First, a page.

Black Kite Click to enlarge image
Black Kite Image: Koshy Koshy
creative commons

Fast Facts

  • Classification
  • Size Range
    47 cm to 55 cm
Milvus migrans
Black Kite u000d 23.7 Image: Roger Brown
© Roger Brown

The Black Kite is the most abundant raptor (bird of prey) in the world.


The Black Kite is a medium-sized raptor (bird of prey). From a distance, it appears almost black, with a light brown bar on the shoulder. The plumage is actually dark brown, with scattered light brown and rufous markings, particularly on the head, neck and underparts. The tail is forked and barred with darker brown. This feature gives the bird its alternative name of Fork-tailed Kite. The eye is dark brown and the bill is black with a yellow cere (area of skin around the nostrils). Both sexes are similar. Young Black Kites are generally lighter in colour than the adults, and have a comparatively shallower forked tail.


The Black Kite is found in a variety of habitats, from timbered watercourses to open plains, and is often observed in and around outback towns. Although it is more normally seen in small groups, the Black Kite may form huge flocks of many thousands of birds, especially during grasshopper plagues. No other Australian bird of prey is seen in such large flocks.


The Black Kite's range covers the majority of the Australian mainland, as well as Africa, Asia and Europe. The Black Kite is arguably the most numerous species of raptor in the world.

Feeding and diet

The Black Kite preys on lizards, small mammals and insects, especially grasshoppers. It also is a scavenger, and frequents tips in outback towns. Black Kites also gather in flocks around bush fires, and eagerly pounce on small animals as these flee the flames. Both live and dead (carrion) prey is eaten.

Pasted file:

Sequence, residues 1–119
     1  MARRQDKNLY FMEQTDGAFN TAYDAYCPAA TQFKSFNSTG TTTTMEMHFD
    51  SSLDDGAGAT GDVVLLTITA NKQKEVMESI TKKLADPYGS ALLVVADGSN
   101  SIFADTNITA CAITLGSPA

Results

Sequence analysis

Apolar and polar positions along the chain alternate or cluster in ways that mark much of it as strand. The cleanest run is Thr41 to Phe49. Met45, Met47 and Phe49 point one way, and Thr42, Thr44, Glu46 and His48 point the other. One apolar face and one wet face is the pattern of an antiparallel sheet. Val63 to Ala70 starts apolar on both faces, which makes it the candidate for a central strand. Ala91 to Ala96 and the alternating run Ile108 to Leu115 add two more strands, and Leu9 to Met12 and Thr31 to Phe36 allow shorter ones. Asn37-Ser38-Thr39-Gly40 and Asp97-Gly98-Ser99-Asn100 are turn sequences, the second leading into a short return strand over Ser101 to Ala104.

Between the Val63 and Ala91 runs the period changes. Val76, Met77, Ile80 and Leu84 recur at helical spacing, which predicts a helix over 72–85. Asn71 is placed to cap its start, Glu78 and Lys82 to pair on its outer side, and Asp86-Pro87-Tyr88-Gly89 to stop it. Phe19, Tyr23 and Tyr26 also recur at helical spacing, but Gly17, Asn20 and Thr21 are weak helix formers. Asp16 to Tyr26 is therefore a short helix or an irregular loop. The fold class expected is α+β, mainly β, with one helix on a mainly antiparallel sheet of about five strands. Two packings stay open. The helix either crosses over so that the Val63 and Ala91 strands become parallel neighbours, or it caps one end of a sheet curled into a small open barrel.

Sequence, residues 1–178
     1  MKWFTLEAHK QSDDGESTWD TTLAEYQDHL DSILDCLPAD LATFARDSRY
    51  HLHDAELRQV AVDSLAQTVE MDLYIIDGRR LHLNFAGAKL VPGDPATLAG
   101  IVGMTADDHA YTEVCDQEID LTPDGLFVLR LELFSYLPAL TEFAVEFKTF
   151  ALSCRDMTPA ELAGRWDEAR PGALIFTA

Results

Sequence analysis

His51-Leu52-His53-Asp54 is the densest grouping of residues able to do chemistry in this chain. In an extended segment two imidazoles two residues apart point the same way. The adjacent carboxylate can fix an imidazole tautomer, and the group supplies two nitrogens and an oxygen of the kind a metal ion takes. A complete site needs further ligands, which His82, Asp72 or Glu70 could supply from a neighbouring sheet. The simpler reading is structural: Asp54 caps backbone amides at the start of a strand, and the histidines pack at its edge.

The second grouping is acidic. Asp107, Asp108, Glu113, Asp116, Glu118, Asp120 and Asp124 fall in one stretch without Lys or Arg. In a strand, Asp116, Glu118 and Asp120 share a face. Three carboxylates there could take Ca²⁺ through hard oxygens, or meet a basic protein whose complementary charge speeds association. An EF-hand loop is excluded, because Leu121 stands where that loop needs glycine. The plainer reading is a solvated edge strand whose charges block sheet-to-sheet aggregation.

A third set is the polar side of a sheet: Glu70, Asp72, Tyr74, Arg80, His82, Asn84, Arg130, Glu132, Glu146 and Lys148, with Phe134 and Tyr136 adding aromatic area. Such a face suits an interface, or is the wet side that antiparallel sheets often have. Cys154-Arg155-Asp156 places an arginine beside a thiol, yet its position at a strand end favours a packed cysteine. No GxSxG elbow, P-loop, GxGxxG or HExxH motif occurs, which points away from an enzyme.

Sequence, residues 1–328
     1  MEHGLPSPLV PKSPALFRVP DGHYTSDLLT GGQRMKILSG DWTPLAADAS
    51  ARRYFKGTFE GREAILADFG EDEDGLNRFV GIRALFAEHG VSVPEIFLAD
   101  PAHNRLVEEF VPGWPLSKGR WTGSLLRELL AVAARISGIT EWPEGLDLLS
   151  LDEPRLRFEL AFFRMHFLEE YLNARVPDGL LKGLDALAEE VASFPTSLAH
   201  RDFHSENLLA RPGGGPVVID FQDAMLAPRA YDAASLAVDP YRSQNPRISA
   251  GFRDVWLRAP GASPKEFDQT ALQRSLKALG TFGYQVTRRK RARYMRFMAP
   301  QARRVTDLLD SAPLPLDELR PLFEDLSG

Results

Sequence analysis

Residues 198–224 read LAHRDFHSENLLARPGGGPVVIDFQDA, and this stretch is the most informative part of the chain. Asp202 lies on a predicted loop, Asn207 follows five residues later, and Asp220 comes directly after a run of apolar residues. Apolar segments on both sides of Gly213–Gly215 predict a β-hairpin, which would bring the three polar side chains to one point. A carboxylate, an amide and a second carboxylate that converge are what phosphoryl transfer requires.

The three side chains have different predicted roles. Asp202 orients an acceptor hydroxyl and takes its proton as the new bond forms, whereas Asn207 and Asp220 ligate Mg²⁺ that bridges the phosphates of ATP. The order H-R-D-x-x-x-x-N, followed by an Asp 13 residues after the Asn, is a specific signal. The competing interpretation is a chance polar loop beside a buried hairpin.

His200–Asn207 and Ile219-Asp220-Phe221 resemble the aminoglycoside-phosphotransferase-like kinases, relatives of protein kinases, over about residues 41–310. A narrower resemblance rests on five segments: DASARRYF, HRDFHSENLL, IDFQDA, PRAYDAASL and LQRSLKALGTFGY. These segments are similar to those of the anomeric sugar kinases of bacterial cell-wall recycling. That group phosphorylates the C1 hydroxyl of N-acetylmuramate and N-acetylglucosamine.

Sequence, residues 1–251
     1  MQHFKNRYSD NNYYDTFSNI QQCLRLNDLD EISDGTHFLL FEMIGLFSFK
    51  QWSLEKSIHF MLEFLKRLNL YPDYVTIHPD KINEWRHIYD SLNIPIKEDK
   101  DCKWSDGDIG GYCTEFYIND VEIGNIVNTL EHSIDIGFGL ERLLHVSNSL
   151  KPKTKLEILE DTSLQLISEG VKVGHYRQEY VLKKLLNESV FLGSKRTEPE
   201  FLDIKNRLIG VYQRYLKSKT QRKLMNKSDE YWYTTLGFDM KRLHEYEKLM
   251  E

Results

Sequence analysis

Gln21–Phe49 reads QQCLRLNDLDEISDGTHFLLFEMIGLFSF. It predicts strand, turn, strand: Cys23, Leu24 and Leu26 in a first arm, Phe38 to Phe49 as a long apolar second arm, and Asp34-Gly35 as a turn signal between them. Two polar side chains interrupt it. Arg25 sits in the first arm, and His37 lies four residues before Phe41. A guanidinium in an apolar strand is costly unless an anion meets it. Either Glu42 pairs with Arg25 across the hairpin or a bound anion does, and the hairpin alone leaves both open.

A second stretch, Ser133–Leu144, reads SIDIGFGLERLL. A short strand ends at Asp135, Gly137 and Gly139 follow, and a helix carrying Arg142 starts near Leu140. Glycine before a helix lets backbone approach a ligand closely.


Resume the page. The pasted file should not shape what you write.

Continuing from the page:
Other behaviours and adaptations

They often gather and soar above fires, shooters or workers, watching for flushed prey.


The call is a descending whistle 'psee-err' followed by a staccato 'si-si-si-si-si'.

Breeding behaviours

Black Kites nest in isolated pairs or in small, scattered colonies. As with other raptors, a ritualised aerial courtship display is performed by both sexes. This involves loud calling, grappling of feet (talons), and tumbling or cartwheeling. The nest is a bulky cup of sticks, lined with softer material, and is placed in the fork of a tree branch (generally close to the trunk). The female incubates the eggs while the male provides food.

  • Breeding season: June to December
  • Clutch size: Three to four
  • Incubation: 33 days
  • Time in nest: 42 days

Conservation status

Black Kites are generally uncommon, but may be increasing in numbers after clearing and with increases in prey such as galahs, rabbits and starlings.


  • Marchant, S. and Higgins, P.J. (eds) 1993. Handbook of Australian New Zealand And Antartic Birds Vol. 2: (Raptors To Lapwings). Oxford University Press, Melbourne.
  • Olsen, P., Crome, F. and Olsen, J. 1993. The Birds of Prey and Ground Birds of Australia. Angus and Robertson, and the National Photographic Index of Australian Wildlife, Sydney.
  • Simpson, K and Day, N. 1999. Field guide to the birds of Australia, 6th Edition. Penguin Books, Australia.
  • Beruldsen, G 2003. Australian Birds: Their Nests and Eggs. Self-published, Queensland.
  • Hollands, D. 2003. Eagles, Hawks and Falcons of Australia. Bloomings Books. Melbourne.